For Immediate Release
April 20, 2015
Press contact: David Azoulay, email@example.com, 011 41-22-789-0500
According to a leaked European Commission proposal in the ongoing EU-US Transatlantic Trade and Investment Partnership (TTIP) negotiations, EU member state legislative initiatives will have to be vetted for potential impacts on private business interests.
The proposal forms part of a wider plan for so-called “regulatory cooperation”. Civil society groups have already denounced earlier iterations of this plan as being a tool to stop or roll back regulation intended to protect the public interest. The new elements in the leaked proposal expand the problem, according to civil society organisations.
Civil society groups have condemned the “regulatory exchange” plan as an affront to parliamentary democracy. “This is an insult to citizens, elected politicians and democracy itself”, says Max Bank of Lobby Control.
The “regulatory exchange” proposal will force laws drafted by democratically-elected politicians through an extensive screening process. This process will occur throughout the 78 States, not just in Brussels and Washington DC. Laws will be evaluated on whether or not they are compatible with the economic interests of major companies. Responsibility for this screening will lie with the ‘Regulatory cooperation body, a permanent, undemocratic, and unaccountable conclave of European and American technocrats.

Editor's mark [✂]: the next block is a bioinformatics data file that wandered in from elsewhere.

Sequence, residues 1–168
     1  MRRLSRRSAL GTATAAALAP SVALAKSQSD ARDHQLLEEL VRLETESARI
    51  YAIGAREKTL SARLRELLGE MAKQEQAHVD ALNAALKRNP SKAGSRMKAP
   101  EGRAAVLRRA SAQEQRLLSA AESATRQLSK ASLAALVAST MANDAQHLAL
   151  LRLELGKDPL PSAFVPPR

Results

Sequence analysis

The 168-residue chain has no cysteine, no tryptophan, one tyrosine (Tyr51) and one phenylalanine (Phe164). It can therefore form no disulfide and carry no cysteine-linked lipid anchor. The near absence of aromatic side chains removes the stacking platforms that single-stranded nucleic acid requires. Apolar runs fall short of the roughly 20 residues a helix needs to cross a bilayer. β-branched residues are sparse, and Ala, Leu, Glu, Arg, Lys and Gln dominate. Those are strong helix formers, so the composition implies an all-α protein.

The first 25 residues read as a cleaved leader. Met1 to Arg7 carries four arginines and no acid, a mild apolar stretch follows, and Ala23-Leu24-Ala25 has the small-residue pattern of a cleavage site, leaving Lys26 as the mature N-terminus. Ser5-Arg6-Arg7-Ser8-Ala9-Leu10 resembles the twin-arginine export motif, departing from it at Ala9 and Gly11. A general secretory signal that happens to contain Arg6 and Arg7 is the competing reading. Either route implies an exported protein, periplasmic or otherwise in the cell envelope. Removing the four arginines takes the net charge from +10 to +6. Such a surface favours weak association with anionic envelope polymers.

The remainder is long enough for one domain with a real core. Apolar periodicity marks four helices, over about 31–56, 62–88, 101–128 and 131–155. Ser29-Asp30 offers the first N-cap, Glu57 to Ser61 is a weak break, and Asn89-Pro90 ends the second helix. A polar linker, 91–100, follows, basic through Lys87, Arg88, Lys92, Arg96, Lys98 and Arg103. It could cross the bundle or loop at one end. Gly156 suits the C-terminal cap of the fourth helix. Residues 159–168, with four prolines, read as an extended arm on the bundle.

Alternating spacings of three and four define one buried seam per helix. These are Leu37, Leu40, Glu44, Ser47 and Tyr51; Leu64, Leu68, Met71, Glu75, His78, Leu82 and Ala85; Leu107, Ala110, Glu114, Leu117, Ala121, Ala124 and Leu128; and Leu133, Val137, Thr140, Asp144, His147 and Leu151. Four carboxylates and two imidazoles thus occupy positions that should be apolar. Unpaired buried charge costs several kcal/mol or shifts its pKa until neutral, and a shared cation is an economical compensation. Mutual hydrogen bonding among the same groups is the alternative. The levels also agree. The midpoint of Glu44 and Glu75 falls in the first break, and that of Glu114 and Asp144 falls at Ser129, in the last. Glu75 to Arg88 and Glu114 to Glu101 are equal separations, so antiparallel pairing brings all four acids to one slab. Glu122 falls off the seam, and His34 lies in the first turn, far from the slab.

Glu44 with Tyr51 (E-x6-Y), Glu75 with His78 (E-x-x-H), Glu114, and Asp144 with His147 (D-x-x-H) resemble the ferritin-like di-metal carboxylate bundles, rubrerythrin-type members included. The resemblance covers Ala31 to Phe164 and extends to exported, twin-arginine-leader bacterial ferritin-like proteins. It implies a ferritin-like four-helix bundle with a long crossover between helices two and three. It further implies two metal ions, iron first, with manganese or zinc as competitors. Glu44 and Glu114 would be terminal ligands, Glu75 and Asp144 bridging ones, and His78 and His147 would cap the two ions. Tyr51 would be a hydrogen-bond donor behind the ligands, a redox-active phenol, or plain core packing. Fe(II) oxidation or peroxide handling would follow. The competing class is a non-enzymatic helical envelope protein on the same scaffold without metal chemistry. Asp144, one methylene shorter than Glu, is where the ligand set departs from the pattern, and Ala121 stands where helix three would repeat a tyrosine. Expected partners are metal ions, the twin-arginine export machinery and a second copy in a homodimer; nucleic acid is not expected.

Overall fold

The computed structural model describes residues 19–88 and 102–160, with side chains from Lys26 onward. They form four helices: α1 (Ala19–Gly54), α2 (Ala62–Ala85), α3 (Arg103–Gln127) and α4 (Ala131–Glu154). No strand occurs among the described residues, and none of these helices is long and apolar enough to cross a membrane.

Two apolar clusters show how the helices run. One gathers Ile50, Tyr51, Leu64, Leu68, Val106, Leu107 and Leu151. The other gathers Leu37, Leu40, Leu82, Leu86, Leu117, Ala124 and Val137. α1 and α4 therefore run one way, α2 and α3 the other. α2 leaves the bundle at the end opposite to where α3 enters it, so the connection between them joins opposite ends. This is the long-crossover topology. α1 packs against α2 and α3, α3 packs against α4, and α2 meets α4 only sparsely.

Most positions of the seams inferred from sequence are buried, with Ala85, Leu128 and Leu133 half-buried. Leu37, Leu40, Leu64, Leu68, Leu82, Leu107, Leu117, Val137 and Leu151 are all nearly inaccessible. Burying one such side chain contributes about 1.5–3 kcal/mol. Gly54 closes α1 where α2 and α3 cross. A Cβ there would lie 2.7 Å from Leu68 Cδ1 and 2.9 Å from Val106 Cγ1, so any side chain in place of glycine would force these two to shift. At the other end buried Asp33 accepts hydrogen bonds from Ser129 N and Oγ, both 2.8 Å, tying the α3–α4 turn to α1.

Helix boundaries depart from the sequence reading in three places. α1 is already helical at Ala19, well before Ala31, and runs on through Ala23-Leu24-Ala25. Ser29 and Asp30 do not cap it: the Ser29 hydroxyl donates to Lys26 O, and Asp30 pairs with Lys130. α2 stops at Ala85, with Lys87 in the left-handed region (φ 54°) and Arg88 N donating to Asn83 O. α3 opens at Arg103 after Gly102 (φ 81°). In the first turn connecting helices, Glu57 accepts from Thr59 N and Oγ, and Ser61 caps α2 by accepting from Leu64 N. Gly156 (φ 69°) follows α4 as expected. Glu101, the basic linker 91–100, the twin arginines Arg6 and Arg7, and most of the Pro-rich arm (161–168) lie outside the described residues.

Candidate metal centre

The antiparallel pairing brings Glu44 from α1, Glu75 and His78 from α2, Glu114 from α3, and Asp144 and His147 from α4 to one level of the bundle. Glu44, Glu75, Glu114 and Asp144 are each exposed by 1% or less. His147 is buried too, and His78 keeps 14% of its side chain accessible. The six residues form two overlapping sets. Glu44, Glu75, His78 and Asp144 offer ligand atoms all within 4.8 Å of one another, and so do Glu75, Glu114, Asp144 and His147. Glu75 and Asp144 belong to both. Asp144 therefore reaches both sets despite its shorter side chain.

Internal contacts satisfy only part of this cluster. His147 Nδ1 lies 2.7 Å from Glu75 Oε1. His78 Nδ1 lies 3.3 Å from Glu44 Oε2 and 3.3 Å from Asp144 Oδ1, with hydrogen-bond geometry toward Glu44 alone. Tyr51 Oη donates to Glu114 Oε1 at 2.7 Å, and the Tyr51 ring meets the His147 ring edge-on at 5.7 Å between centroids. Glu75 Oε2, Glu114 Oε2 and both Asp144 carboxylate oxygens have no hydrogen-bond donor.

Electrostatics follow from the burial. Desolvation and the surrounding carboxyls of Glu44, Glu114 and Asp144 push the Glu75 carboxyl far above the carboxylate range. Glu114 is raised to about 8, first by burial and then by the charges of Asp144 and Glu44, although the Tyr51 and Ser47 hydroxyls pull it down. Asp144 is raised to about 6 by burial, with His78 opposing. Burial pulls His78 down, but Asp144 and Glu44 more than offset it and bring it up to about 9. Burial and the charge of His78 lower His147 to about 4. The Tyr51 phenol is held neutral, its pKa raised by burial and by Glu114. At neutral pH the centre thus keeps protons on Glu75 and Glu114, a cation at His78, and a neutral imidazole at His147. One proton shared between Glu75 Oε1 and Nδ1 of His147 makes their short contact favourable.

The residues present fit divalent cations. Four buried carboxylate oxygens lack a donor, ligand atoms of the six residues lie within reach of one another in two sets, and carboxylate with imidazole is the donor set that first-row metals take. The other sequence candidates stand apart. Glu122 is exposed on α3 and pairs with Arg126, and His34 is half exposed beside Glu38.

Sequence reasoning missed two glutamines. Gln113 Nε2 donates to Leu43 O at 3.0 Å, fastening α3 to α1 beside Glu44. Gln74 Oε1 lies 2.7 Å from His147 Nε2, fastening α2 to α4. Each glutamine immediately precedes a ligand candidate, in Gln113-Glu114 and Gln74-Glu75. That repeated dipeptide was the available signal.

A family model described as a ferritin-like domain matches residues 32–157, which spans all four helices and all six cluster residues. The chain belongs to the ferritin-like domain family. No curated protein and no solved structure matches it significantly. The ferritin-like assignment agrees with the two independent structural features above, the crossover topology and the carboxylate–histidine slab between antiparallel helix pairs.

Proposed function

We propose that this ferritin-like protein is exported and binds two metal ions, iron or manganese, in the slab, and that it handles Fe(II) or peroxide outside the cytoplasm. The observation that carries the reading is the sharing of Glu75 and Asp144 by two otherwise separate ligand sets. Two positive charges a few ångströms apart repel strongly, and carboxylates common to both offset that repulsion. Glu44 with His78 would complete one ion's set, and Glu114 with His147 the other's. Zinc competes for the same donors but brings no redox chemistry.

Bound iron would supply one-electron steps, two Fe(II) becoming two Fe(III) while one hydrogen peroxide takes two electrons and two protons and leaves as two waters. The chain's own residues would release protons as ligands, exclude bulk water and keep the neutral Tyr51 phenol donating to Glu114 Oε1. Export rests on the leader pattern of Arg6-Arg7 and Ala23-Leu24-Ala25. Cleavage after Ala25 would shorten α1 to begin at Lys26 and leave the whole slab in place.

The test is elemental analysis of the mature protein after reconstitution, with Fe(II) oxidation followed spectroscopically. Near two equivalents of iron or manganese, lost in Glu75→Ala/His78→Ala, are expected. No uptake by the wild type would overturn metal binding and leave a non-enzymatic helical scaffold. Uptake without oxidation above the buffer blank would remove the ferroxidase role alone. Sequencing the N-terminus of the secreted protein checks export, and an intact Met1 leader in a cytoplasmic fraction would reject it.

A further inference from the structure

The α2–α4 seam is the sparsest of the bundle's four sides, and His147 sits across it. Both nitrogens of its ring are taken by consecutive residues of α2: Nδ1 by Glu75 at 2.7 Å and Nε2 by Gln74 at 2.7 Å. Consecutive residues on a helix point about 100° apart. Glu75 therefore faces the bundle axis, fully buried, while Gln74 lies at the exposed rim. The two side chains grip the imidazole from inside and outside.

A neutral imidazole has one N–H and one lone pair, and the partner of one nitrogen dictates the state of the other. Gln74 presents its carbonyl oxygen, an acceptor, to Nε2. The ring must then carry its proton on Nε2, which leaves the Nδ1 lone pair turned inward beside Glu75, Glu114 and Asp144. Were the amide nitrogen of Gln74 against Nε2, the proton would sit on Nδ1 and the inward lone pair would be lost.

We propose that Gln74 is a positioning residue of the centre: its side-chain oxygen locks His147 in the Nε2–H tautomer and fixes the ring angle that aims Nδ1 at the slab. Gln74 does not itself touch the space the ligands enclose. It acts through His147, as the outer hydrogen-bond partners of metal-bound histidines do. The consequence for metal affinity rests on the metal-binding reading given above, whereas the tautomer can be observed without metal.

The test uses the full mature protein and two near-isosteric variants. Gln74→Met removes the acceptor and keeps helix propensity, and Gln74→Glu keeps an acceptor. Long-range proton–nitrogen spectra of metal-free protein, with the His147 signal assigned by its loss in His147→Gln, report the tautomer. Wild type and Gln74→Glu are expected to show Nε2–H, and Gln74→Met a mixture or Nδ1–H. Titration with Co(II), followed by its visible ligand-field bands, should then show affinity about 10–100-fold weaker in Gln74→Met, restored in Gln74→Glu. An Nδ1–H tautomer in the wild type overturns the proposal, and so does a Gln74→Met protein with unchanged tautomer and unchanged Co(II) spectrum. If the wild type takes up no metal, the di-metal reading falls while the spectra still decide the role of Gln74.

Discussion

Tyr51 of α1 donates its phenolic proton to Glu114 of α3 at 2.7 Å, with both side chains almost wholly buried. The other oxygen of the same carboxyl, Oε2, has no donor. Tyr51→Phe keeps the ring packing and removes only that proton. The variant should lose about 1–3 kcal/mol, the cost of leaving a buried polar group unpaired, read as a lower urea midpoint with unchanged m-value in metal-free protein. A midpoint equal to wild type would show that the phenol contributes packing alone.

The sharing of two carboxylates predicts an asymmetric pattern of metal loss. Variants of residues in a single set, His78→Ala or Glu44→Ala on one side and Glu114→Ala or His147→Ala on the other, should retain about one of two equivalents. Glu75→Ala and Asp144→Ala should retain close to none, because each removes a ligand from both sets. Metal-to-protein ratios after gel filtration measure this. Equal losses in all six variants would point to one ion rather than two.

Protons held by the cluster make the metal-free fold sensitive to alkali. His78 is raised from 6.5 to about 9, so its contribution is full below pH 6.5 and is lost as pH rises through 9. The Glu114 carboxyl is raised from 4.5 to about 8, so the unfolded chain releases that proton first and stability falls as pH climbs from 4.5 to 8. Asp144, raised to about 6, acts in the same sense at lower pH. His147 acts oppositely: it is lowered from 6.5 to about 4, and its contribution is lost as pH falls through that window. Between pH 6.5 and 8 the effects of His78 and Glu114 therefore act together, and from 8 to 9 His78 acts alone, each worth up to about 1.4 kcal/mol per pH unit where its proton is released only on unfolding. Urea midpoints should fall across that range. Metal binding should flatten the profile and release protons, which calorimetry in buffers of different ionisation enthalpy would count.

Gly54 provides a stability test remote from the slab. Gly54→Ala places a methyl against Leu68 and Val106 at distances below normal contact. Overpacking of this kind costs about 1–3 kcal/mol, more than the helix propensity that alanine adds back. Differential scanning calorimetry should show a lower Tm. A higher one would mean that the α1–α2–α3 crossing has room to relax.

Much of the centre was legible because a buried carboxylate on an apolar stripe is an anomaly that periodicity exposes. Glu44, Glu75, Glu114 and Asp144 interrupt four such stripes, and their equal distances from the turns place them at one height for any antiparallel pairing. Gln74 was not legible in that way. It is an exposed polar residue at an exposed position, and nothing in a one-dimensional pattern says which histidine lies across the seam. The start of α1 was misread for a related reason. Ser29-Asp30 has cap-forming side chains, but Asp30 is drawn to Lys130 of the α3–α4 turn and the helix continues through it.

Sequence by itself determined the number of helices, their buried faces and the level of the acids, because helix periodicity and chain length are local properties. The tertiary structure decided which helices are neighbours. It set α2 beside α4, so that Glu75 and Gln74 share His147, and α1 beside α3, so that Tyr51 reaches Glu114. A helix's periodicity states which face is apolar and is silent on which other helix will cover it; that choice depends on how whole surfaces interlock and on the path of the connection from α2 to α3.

“Both the Commission and US authorities will be able to exert undue pressure on governments and politicians under this measure as these powerful players are parachuted into national legislative procedures. The two are also very likely to share the same agenda: upholding the interests of multinationals,” says Kenneth Haar of Corporate Europe Observatory.
“The Commission proposal introduces a system that puts every new environmental, health, and labour standard at European and member state level at risk. It creates a labyrinth of red tape for regulators, to be paid by the tax payer, that undermines their appetite to adopt legislation in the public interest,” says Paul de Clerck of Friends of the Earth Europe.
Screening under the regulatory exchange plan could take place from before a proposal is formally tabled until it is adopted, and on existing regulations, providing continuous opportunities to weaken and delay regulatory acts. Articles 9 and 11 detail how it would work.
“What’s perhaps most scary about this proposal is its potential application to existing regulation – not just paralyzing future legislation but sending us backward,” says David Azoulay at the Center for International Environmental Law (CIEL). “Not only will it extend an outrageously burdensome process on future legislation, but any current legislation in the public interest that doesn’t sit well with trade interests on either side of the Atlantic could be subjected to the same process to make it conform to corporate interests.”